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Kilo Commentary Light on Math and Science

June 08, 2003

Crispin Sartwell's "Kilo Crisis Could Bring Down the Universe" (Commentary, June 3) was a funny spot in a day's load of grim reality. However, the ultimate demise of the universe will come 100 times sooner than his prediction based on his wife's multiplication work. At a loss of 50 micrograms per century, the kilogram cylinder will shrink to zero in 2 billion, not 200 billion, years.

This doesn't really make me any gloomier about the state of the universe, but perhaps the professor may want to look over his wife's checking account occasionally.

Wesley G. Banbury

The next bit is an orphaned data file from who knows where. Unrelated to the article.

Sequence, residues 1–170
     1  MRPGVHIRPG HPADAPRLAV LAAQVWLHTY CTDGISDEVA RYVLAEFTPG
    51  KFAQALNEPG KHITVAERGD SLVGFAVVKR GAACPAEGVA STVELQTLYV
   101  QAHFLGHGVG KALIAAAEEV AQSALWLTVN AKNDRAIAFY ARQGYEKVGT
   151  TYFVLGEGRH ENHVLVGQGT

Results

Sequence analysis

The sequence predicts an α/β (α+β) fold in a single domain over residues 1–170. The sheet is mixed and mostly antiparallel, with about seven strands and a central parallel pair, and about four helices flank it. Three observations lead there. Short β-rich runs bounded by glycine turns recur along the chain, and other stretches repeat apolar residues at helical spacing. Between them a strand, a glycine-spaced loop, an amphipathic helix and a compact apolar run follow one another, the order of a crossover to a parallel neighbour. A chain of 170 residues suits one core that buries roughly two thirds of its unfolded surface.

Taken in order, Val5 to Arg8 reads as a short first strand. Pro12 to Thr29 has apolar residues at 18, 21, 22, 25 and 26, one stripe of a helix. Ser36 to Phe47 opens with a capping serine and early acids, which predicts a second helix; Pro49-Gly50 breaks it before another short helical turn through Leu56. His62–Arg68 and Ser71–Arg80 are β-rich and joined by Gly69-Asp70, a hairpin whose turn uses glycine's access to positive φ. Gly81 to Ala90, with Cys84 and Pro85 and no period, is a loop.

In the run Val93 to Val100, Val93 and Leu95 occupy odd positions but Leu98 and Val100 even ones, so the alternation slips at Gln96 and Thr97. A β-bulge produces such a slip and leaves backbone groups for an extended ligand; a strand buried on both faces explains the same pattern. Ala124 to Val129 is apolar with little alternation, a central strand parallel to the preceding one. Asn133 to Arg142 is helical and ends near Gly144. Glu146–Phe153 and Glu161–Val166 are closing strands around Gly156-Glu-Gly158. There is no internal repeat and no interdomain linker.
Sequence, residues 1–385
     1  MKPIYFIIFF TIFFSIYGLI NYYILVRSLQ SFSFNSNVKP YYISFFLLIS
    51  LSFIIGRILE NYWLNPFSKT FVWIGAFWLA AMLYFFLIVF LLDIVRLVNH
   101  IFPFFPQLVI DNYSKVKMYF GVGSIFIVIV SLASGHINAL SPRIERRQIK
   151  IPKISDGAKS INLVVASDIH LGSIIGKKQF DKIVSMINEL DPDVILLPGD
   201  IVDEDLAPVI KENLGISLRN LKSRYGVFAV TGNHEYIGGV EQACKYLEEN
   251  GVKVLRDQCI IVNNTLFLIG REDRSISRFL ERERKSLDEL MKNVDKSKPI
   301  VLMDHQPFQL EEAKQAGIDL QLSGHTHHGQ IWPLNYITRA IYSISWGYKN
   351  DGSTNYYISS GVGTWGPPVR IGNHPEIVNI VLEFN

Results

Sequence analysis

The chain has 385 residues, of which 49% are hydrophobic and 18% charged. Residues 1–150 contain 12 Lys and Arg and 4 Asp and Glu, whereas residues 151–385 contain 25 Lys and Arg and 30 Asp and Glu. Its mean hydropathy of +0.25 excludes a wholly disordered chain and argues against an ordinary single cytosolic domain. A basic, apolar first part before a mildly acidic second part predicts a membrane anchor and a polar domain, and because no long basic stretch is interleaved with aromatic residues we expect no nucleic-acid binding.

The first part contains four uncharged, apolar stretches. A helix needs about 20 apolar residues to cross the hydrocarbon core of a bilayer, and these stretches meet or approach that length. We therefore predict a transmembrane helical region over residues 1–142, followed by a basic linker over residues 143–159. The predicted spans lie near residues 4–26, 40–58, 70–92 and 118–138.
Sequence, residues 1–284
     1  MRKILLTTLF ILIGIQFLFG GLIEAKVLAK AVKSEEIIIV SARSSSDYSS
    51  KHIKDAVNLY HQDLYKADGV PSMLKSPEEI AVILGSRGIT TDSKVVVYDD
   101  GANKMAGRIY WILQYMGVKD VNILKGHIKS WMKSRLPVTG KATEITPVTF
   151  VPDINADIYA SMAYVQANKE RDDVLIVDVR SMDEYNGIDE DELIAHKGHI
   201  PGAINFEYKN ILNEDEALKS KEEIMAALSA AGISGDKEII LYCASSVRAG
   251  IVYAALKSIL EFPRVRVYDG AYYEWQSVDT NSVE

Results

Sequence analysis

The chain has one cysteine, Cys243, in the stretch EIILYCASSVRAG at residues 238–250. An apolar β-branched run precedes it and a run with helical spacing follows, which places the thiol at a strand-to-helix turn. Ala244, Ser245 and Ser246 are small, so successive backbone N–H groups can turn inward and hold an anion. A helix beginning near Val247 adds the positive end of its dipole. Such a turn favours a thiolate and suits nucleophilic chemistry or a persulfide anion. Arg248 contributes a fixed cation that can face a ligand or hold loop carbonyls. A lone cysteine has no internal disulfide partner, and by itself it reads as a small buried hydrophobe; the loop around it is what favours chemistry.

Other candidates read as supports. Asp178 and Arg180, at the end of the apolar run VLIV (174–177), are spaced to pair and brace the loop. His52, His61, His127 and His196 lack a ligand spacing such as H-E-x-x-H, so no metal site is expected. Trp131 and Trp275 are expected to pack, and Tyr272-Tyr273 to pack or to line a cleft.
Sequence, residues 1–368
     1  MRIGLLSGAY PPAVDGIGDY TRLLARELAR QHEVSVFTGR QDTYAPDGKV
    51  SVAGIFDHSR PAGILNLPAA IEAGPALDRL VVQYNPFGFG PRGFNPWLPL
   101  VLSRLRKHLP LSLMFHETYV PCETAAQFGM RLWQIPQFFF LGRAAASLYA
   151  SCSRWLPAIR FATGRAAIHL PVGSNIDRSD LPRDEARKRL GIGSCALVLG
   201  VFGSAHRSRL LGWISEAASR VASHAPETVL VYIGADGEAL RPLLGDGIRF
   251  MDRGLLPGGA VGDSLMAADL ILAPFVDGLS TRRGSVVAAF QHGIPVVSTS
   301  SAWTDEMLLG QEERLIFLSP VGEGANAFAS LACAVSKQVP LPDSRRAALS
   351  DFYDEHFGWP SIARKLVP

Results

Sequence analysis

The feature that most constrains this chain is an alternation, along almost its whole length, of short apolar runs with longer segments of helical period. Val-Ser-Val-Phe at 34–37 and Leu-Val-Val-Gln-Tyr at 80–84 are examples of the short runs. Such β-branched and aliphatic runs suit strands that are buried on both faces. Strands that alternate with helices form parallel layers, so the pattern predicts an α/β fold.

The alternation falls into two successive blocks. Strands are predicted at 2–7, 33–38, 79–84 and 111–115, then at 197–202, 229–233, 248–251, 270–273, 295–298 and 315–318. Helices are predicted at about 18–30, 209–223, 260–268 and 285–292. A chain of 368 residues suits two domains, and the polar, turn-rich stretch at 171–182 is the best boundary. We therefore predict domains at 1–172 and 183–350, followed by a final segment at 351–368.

Woodland Hills


Sartwell needs a physics course. His "kilo crisis" commentary is based on a fundamental confusion. The kilogram is defined to be the mass of the standard cylinder, not the weight. The weight of an object is the gravitational force on the Earth pulling on the object; the mass of the object, on the other hand, is the amount of matter in that object. So the cylinder can quite easily lose weight -- move the cylinder from Paris to Mont Blanc, the highest point in France, and the cylinder will lose approximately 0.15% of its weight, simply because the gravitational pull is slightly less on Mont Blanc.

The International Committee on Weights and Measures is in an epic tizzy because the standard cylinder is losing atoms. Lost matter means lost mass. So there is no contradiction in stating that the kilogram cylinder has less mass now. The problem lies in that the standard cylinder is not much of a standard if it is changing. Definitions that shift with time are of interest to linguists and philosophers, but they drive scientists nuts.

Vann Priest

Physics Department

Rio Hondo College

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